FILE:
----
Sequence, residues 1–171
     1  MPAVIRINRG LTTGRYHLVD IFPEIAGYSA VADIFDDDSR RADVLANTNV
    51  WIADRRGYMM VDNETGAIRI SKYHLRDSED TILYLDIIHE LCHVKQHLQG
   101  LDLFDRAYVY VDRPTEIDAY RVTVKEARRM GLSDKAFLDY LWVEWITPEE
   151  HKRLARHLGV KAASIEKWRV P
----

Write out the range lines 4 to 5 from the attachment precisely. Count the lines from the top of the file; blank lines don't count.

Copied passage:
   101  LDLFDRAYVY VDRPTEIDAY RVTVKEARRM GLSDKAFLDY LWVEWITPEE
   151  HKRLARHLGV KAASIEKWRV P